I have never attended an Orthodox service, whatever they call it. Try and find one. If I had the opportunity I would have to work hard not to go in pissed off knowing that I would be rejected from sitting at their table, but still I would like to experience the experience such as it is.

    Please help me out here. I have the same feelings about the exclusive Catholic table, or altar, but I really want to know exactly what you experienced that left you with “a silly caricature of contemporary Evangelical worship.” There are a number of gracious and loving Catholics who hang out here and I can’t imagine that any of them are participating in some such.

    If I had to point to one person beside the Pope who I would call the highest of a gracious and loving Catholic, it would be Richard Rohr. He would likely agree with many of your criticisms, and mine, but I can’t imagine he would ever refer to his ongoing liturgy as “a silly caricature of contemporary Evangelical worship.”

    • Charles, let me start by saying that I’ve had some exposure to Anglican and Lutheran liturgies, and found many of them to be beautiful, reverent, thoughtful, and up-lifting. The Catholic liturgies I’m referring to here have little or nothing in common with them beyond a few bare-bones things.

      What I’m referring to are what I like to call “tambourine Masses.” You walk in and immediately hear very poorly done versions of the songs I heard growing up in the early nineties in Calvary Chapels and Vineyards… The first time I visited the parish I mentioned with the priest that had been arrested, they were blaring an absolutely horrendous version of “In the Secret,” an exemplar of the sort of gauche worship music that I find inappropriate for liturgical services. I say these liturgies are a “silly caricature” of Evangelical worship because it seemed to me that the baby boomers (apologies if that’s your generation) on stage jamming out with their guitars and tambourines were under the impression that they were doing something hip and fresh, when in reality the sea of gray hair in the pews would attest to their failure to reach the younger generation…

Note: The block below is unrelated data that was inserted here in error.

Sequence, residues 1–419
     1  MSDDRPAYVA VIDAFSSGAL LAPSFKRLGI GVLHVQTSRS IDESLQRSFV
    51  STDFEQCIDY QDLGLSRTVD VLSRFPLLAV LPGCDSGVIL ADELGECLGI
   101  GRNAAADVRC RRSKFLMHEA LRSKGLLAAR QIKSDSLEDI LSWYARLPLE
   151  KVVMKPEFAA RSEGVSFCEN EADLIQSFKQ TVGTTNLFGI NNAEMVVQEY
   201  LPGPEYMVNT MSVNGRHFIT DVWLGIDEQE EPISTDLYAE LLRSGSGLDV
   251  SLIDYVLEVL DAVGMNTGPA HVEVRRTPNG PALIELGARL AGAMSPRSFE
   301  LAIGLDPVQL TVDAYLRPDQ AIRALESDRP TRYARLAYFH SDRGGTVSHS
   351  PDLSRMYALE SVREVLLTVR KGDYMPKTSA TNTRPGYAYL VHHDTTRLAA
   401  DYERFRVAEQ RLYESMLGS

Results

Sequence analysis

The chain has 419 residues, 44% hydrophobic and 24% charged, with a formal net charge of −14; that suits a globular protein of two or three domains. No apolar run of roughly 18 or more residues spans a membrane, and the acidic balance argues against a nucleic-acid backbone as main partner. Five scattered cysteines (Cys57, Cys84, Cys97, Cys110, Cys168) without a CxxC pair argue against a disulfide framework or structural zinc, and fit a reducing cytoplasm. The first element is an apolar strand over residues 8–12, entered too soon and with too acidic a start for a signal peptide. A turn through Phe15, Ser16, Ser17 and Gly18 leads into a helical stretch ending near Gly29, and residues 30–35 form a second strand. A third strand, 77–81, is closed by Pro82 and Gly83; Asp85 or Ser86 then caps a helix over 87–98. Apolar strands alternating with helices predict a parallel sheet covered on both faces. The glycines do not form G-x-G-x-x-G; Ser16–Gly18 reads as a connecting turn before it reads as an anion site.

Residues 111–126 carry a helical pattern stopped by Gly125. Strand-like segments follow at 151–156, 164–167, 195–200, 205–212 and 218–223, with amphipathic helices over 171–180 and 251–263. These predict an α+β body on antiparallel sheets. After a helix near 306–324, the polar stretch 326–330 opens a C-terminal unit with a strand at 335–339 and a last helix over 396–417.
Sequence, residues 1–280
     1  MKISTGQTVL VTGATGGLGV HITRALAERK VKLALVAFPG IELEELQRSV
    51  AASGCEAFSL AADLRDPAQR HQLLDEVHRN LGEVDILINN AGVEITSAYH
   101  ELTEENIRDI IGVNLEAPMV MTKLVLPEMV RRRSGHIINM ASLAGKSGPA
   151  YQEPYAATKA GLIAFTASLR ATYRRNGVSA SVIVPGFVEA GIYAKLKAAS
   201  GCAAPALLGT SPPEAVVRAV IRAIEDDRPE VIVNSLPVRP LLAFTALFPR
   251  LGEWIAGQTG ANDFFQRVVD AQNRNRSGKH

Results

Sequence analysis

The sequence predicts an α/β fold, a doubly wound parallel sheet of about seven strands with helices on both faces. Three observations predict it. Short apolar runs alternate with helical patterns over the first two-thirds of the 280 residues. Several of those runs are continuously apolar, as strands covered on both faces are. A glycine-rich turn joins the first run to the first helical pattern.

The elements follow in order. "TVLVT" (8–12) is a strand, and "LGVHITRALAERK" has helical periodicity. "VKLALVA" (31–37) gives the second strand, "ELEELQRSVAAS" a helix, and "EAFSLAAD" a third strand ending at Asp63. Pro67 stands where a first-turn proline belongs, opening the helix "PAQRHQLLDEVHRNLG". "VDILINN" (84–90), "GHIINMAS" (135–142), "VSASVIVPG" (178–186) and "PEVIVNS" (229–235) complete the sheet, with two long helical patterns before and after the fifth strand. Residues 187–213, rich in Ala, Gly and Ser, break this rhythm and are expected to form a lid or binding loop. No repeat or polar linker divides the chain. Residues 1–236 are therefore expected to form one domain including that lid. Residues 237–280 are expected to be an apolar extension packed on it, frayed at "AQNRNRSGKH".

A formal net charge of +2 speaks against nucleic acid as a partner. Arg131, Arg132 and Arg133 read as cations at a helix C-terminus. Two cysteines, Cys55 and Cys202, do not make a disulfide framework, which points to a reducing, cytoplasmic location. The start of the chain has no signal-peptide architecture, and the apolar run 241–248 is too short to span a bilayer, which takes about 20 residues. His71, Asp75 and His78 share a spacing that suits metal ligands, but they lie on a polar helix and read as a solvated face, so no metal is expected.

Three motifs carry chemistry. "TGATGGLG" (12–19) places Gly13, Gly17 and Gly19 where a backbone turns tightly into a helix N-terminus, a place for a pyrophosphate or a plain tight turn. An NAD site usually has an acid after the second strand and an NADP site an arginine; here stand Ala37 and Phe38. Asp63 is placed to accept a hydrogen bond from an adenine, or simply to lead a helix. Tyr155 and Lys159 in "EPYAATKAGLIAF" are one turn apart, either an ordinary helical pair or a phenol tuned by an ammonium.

Now, I don’t want you to get the impression that music is my only complaint there. It’s just the first thing that strikes one about the experience, and perhaps the easiest to explain in a blog comment.

      As for Vatican 2: I always agreed with what the Council had to say about the Roman rite. Sadly, I’ve yet to personally set foot in a Catholic parish that was living out what the Council Fathers wrote about in Sacrosanctum Concilium. It’s a fine document to give a once over, if you haven’t ever had the chance. It’s a pity that more folks I encountered in the Catholic world didn’t take it seriously.

      • The secret, Ryan, is to find young priests. They tend to like the traditional music and reverence vs “relevance.” Our young priest is moving our already pretty traditional parish in a more liturgical direction, and the only people objecting are over sixty.

        • Yeah, that doesn’t work though when the bishop bans some of the more reverent liturgical practices. Or kicks out younger seminarians who are too “traditional” or “conservative”. I could tell you stories…

          • Ryan,

            Not sure where you are living… this sounds very foreign to me though I am sure it exists somewhere… maybe California…. I have been to Masses in many places in the East, South and Mid-west and have not encountered this.

  21. Ronald Avra says

    Thanks very much for the perspective. Both Roman Catholic and Eastern Orthodox are alien to me, as I have spent most of my sixty years trying to find my place in Southern Baptist circles. The insights are appreciated.

  22. My journey is similar to yours (kind of) but in reverse: I grew up Catholic and now am evangelical. I left Catholicism for largely similar reasons; I found it hard to square belief in a loving and merciful God with the belief that certain things (like missing Mass on Sunday and contraception, as you mention) could land you in hell. I also have issues with the infallibility thing, the Catholic view of the relationship between scripture and tradition, and just the general idea that the boundaries of the Church of Jesus Christ are concurrent with the boundaries of any human institution.

    As a megachurch evangelical I find that many of the critiques of megachurch evangelicalism that I read here strike uncomfortably close to home. Too much of what happens at my church is determined, at too fundamental a level, by the “felt needs” of those mythical creatures Unchurched Harry and Mary. Yet it was in evangelicalism that I first heard the Gospel. The church where i am has been home to me for most of my young adult years, and has been very good to me over the years. I have found community and belonging there and would be hard pressed to give that up without a very good reason.